FAIRFIELD — Like countless others, Ron Barnes was deeply saddened by the death of Hall of Famer Tony Gwynn on Monday.
Barnes, a Fairfield resident, umpired several of Gwynn’s games in the minor and major leagues, as well as at the collegiate level when the former San Diego Padre great was named head coach of the San Diego State baseball team in 2002.
Barnes recalled one of his earliest encounters with Gwynn in 1981 when both were in the Class A Northwest League – essentially for first-year players – in Barnes’ second year in organized baseball, Gwynn’s first.
Gwynn’s Walla Walla Padres were playing at the Eugene Emeralds.
“He’s the leadoff hitter . . . and the very first pitch of the game he gets a triple,” Barnes said. “The Emeralds manager, Greg Riddoch, who later managed Tony with the Padres (1990-92) appealed that he missed first base. I had Tony missing first base and called him out.
“He charged at me and his manager (Bill Bryk) got him away from me.”
By sticking to his decision, Barnes didn’t hurt Gwynn’s average too much – it would’ve been .337 instead of .331 if the triple had stood – and by the middle of 1982 he was with the San Diego Padres for good.
By the time he retired in 2001, Gwynn had a .338 career batting average, eight batting titles and 3,141 career hits.
A year after Gwynn was named head coach at San Diego State, Barnes wrapped up his 21-year career as an umpire in professional baseball, returning to his roots at the college and high school level.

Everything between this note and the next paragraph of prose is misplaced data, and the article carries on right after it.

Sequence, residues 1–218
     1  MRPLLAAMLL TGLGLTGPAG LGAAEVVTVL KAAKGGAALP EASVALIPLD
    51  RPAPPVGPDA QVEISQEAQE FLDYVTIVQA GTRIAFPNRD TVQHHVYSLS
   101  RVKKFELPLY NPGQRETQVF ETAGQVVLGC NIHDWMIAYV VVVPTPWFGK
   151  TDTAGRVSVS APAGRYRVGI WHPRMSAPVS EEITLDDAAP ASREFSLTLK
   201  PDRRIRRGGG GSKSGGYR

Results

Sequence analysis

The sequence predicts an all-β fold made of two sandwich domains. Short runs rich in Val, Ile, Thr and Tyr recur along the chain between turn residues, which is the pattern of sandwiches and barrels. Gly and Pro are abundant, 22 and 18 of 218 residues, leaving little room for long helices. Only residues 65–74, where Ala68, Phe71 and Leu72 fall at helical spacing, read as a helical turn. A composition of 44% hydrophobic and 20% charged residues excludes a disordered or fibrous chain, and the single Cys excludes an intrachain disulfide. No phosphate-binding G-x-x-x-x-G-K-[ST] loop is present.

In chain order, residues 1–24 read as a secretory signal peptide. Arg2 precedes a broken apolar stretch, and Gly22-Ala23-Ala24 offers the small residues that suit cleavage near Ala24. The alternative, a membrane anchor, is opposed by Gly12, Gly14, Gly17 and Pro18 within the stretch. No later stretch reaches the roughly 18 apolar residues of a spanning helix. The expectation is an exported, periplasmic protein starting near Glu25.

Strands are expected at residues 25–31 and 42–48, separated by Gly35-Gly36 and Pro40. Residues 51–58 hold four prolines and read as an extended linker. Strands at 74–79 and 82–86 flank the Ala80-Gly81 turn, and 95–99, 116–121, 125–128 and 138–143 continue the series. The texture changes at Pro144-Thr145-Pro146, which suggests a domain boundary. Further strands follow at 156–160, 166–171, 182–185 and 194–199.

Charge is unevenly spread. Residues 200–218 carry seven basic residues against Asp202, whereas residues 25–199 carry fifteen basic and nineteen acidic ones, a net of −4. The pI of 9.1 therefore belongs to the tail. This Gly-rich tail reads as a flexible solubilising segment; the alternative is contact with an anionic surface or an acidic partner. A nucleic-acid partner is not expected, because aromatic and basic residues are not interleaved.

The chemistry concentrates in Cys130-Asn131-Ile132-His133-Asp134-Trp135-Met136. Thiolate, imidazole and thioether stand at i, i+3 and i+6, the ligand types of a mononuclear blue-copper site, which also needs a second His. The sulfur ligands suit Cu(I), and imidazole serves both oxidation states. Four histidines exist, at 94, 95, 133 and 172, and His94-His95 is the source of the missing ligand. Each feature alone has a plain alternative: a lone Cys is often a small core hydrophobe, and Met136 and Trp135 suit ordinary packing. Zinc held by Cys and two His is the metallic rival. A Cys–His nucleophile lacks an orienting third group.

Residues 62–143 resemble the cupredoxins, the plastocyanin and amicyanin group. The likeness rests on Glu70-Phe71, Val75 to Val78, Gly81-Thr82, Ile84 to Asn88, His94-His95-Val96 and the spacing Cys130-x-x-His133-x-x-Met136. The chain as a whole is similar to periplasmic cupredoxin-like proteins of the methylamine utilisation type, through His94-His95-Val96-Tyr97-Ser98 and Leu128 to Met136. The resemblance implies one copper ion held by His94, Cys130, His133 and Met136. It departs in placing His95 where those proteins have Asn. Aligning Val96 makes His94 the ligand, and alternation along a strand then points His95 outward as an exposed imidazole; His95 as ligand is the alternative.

Umping in the Mountain West and West Coast conferences, he occasionally did games with Gwynn’s Aztecs.
“Years have passed and Tony would say, ‘Ron, I touched first base,’ and I’d say, ‘No, Tony, you missed first base'” Barnes said. “The last 10 years when I’d ump San Diego State, we’d always joke about it.”
Not surprisingly, Barnes considers Gwynn “one of the best hitters I’ve ever seen,”
It all started with his approach at the home plate.
“Tony Gwynn knew the strike zone,” Barnes said. “He was very fair and very respectful to umpires. I had him (in a game) the last year and we just go way back. We had a mutual respect, obviously.”
According to Barnes, Gwynn was just that way – with everyone.
“Most importantly, he was a good person,” Barnes said. “His baseball stats speak for themselves. He was a good person and good for college baseball. I was very sad to see him pass away.”
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